Movie Review: “King Arthur: Legend of the Sword”

Starring
Charlie Hunnam, Jude Law, Djimon Hounsou, Aiden Gillen, Eric Bana, Astrid Bergès-Frisbey, Neil Maskell
Director
Guy Ritchie

Director Guy Ritchie has had a fair amount of success breathing new life into old properties (“Sherlock Holmes,” “The Man from U.N.C.L.E.”), but when it was announced that he would be helming an adaptation of the King Arthur legend, something about the pairing seemed off, and it’s a feeling that permeates throughout “King Arthur: Legend of the Sword.” Ritchie’s unique filmmaking style is constantly pushing back against the more traditional elements of a summer tentpole movie, and while that may have worked to good effect in the aforementioned projects, there’s a more noticeable divide here that prevents the film from having a clear identity. “Legend of the Sword” has plenty of great moments, but the sum of those parts is disappointingly mediocre.

The film opens in grand fashion as King Uther Pendragon (Eric Bana) defends Camelot from an army of giant elephants under the control of the evil sorcerer Mordred (Rob Knighton). Upon his victory, however, Uther is betrayed by his younger brother Vortigern (Jude Law), who murders the king and steals his crown, but not before Uther’s young son Arthur manages to escape down the river. Forced to survive on the tough streets of Londinium, Arthur (Charlie Hunnam) grows up to become a small-time criminal who operates out of the very brothel where he was raised.

Meanwhile, Vortigern has become increasingly concerned that Uther’s true heir will return one day to reclaim the throne, so he’s begun rounding up all the men of a certain age and challenged them to pull the magical sword Excalibur, which can only be wielded by a descendant of the Pendragon bloodline, from its resting place. When Arthur actually succeeds, thus revealing himself as the prophesized Born King, Vortigern swiftly orders his execution. Fortunately, Arthur is rescued by a small group of resistance fighters, including Uther’s most trusted knight Bedivere (Djimon Hounsou) and a mysterious disciple of Merlin (Astrid Bergès-Frisbey), who encourage him to accept his destiny and put an end to his uncle’s tyrannical rule.

“King Arthur: Legend of the Sword” is a very strange film indeed, blending Ritchie’s trademark quirks (overcranked shots, snappy editing and dialogue) with the usual sword-and-sorcery essentials. But while it makes for a decent fantasy flick, it’s a rather lackluster addition to Arthurian lore. It never really feels like a King Arthur movie despite its attempts to pepper the story with recognizable characters and events, and therein lies the problem. Though Ritchie’s twist on the material isn’t as damning as you might expect (even if the decision to give Arthur superhuman abilities when holding Excalibur will likely divide viewers), every time it seems like “Legend of the Sword” is finally beginning to find its groove, the film takes two steps back, like when David Beckham randomly pops up in a misguided and incredibly distracting cameo.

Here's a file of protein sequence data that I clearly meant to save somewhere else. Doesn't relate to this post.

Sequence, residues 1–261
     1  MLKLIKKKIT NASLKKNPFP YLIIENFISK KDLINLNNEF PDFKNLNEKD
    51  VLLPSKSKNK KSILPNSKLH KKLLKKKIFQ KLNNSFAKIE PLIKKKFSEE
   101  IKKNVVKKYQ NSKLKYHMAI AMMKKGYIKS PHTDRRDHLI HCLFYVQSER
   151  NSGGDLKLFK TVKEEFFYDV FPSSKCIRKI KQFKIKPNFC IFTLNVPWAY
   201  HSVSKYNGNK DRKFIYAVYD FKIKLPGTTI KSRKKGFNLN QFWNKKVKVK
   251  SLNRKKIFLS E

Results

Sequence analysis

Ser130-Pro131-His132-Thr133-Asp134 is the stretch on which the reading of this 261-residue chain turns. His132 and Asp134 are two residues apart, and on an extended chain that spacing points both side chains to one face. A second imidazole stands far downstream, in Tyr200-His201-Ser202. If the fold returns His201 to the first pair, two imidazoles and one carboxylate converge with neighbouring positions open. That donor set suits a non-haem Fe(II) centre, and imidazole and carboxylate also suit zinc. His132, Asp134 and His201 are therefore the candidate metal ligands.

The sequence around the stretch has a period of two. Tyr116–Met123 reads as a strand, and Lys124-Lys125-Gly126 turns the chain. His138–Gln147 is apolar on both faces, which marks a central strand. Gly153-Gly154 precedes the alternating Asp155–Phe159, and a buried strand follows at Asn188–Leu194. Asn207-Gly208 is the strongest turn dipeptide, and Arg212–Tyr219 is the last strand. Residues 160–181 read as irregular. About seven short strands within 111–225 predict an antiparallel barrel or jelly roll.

Surprisingly, it’s the more Ritchie-esque moments that work best, and key to that is the casting of Hunnam, who holds the film together with his wily charisma. Though he’s already proven on the TV series “Sons of Anarchy” that he can act, this is the first time that Hunnam has shown real movie star quality. Law is also good as the power-drunk sorcerer who turns against his family, but that’s only because he can do a lot with very little; the character as written is pretty underdeveloped. The rest of the cast is filled with likable actors such as Bana, Hounsou and relative unknown Bergès-Frisbey (who reportedly beat out bigger names for the role), although Aiden Gillen is the only one who leaves much of an impression as the oddly named Goosefat Bill.

“King Arthur: Legend of the Sword” isn’t necessarily a bad movie, but while there’s plenty to enjoy as a Guy Ritchie fan (including some cool visuals and another great score by Daniel Pemberton), the film suffers from the same problem that plagued Ridley Scott’s “Robin Hood” – no one wants to sit through a messy origin story to get to the good stuff. From the octopus witches who supply Vortigern’s power to the other magical creatures glimpsed throughout, it’s evident that Ritchie is just touching the tip of the iceberg as far as this world is concerned, and the fact that he might never get to explore it further in other King Arthur stories is almost as frustrating as the film he chose to make instead.

  

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